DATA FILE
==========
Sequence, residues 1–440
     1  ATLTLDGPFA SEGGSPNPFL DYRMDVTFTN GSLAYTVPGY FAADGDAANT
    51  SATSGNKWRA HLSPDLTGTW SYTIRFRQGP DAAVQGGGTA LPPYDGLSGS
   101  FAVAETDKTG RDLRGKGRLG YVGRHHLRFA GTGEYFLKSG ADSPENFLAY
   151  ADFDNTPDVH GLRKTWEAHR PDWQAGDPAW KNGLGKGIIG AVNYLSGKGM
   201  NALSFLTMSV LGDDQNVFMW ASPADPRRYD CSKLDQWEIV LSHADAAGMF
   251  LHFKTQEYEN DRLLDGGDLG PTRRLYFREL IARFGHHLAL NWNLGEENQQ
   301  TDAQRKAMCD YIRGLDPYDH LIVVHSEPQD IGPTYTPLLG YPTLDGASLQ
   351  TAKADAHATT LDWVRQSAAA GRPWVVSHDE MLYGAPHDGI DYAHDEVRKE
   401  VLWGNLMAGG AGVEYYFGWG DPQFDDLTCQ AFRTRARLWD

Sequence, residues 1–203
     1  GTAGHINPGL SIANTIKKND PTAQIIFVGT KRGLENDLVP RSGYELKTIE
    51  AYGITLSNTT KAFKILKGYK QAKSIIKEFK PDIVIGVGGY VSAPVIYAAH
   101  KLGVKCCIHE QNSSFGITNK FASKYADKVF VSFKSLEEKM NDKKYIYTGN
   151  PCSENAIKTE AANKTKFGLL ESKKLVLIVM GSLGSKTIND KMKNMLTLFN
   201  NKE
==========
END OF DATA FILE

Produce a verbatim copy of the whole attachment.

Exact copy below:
Sequence, residues 1–440
     1  ATLTLDGPFA SEGGSPNPFL DYRMDVTFTN GSLAYTVPGY FAADGDAANT
    51  SATSGNKWRA HLSPDLTGTW SYTIRFRQGP DAAVQGGGTA LPPYDGLSGS
   101  FAVAETDKTG RDLRGKGRLG YVGRHHLRFA GTGEYFLKSG ADSPENFLAY
   151  ADFDNTPDVH GLRKTWEAHR PDWQAGDPAW KNGLGKGIIG AVNYLSGKGM
   201  NALSFLTMSV LGDDQNVFMW ASPADPRRYD CSKLDQWEIV LSHADAAGMF
   251  LHFKTQEYEN DRLLDGGDLG PTRRLYFREL IARFGHHLAL NWNLGEENQQ
   301  TDAQRKAMCD YIRGLDPYDH LIVVHSEPQD IGPTYTPLLG YPTLDGASLQ
   351  TAKADAHATT LDWVRQSAAA GRPWVVSHDE MLYGAPHDGI DYAHDEVRKE
   401  VLWGNLMAGG AGVEYYFGWG DPQFDDLTCQ AFRTRARLWD

Sequence, residues 1–203
     1  GTAGHINPGL SIANTIKKND PTAQIIFVGT KRGLENDLVP RSGYELKTIE
    51  AYGITLSNTT KAFKILKGYK QAKSIIKEFK PDIVIGVGGY VSAPVIYAAH
   101  KLGVKCCIHE QNSSFGITNK FASKYADKVF VSFKSLEEKM NDKKYIYTGN
   151  PCSENAIKTE AANKTKFGLL ESKKLVLIVM GSLGSKTIND KMKNMLTLFN
   201  NKE